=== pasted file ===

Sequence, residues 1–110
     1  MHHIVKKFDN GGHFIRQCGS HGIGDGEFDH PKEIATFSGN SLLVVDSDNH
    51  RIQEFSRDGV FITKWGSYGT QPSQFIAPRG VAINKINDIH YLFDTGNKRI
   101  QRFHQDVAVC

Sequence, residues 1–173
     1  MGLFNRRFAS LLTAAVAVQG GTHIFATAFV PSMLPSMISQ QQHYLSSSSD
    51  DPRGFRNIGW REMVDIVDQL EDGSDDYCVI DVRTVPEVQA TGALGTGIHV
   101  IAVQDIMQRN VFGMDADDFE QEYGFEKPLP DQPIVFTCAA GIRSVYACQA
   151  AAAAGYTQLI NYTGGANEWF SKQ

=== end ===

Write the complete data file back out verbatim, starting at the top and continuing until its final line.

Sequence, residues 1–110
     1  MHHIVKKFDN GGHFIRQCGS HGIGDGEFDH PKEIATFSGN SLLVVDSDNH
    51  RIQEFSRDGV FITKWGSYGT QPSQFIAPRG VAINKINDIH YLFDTGNKRI
   101  QRFHQDVAVC

Sequence, residues 1–173
     1  MGLFNRRFAS LLTAAVAVQG GTHIFATAFV PSMLPSMISQ QQHYLSSSSD
    51  DPRGFRNIGW REMVDIVDQL EDGSDDYCVI DVRTVPEVQA TGALGTGIHV
   101  IAVQDIMQRN VFGMDADDFE QEYGFEKPLP DQPIVFTCAA GIRSVYACQA
   151  AAAAGYTQLI NYTGGANEWF SKQ